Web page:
Pandora Hearts is a manga with a lot to offer but requires some investment, many readers might find themselves turned off by the vague and slow early volumes filled with light comedy and seemingly simplistic characters, however if you do end up giving this manga the time it deserves you will definitely be impressed by what it truly has to offer at the end of the rabbit’s hole.
Out of all the anime. manga, visual novels I have read or seen, Pandora Hearts is the one that will always be engraved in my heart and the others as well.
Nothing is stereotyped about this series, there is no lovey-dovey romance for otaku basement-dwellers, instead, this manga focuses on something that has been long overlooked: friendship. It doesn't matter how old one is, its gender or anything else, friendship will always be the greatest form of love and I'm glad the authoress managed to convey this message with such a masterpiece.
Don't let the Tumblr shippers/fangirls fool you, there barely is something that can be
called "romance" in it.
At first glance it may look like a comedy but it soon becomes the most complex mindrape I have ever read, yes, way ore than NGE and any other work you can consider "mindrape". If you're looking for a variety of unique characters, each with its own backstory, plenty of surprising plot twists, you just found the best manga I can recommend you.
The art is amazing since the very first chapers, and it gets way better later, I don't really have anything else to say about it, except that the art isn't really the strongest point even though it's one of the best drawn manga I have read.
As I said before, Pandora Hearts has plenty of unique characters you might want to relate with, even the "villains" have its own reasons, pasts, and regrets, as well as even mostly secondary characters being very useful to the plot and the main characters. I can't say anything about this because it would be a lot of spoiler, but I can tell you each character isn't ever being overlooked.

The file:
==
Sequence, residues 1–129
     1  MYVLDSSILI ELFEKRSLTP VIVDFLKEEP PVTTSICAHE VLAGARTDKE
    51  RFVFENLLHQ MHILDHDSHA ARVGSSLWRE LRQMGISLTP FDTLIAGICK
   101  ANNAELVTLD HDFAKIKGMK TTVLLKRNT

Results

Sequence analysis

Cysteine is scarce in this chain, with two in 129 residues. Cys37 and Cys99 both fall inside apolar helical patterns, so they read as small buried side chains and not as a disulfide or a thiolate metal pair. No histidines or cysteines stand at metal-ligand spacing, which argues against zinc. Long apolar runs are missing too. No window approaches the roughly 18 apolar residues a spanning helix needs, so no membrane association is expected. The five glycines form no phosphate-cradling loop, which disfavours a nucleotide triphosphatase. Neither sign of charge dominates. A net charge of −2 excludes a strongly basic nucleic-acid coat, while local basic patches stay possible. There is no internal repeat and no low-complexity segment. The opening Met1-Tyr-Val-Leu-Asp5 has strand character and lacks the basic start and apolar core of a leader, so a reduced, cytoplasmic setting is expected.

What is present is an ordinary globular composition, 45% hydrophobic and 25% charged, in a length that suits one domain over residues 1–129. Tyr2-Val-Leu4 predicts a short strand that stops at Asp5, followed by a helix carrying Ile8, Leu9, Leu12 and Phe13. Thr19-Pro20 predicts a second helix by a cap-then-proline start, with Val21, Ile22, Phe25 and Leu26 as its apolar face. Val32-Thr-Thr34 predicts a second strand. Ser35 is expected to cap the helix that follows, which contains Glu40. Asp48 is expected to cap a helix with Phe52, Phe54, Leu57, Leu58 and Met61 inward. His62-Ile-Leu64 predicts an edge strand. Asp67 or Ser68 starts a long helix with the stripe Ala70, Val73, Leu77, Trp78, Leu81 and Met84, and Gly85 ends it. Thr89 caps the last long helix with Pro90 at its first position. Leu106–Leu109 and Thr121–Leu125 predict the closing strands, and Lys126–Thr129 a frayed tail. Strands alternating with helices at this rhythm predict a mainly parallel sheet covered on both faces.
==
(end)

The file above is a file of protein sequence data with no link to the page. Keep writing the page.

Once you'll reach around chapter 20, you'll enjoy it to the fullest, all your theories about what'll happen in the story will crumble, as there are many unexpected plot twists that will make you enjoy even more the manga, the authoress also loves to play with our feelings, which is another unexpected thing.
Never I had found a masterpiece as perfect as Pandora Hearts which made me laugh, cry and smile so much, all my attempts were useless, I still struggle to find a manga which could be equal to it without any success.
I am planning to re-read it soon to enjoy it all over again, as it is my #1 favorite manga I have ever read
When reading this felt as if you could feel the emotion of the characters. The story itself is a unique play on Alice in Wonderland as it has a similar feel while being completely unique.
The story immediately takes off in the first volume and keeps a good pace. You can see the art develop over the course of chapters. This mangaka used a lot of inking throughout this work and detail. There is a good balance of action and slower moments and there are no unnecessary lengthy fillers. There is deep character development from all characters but from specifically Oz as he grows more
confident and accepting of his circumstances.
The only negative aspect of this is it can become confusing especially the overwhelming amount of story in each character and the three family houses.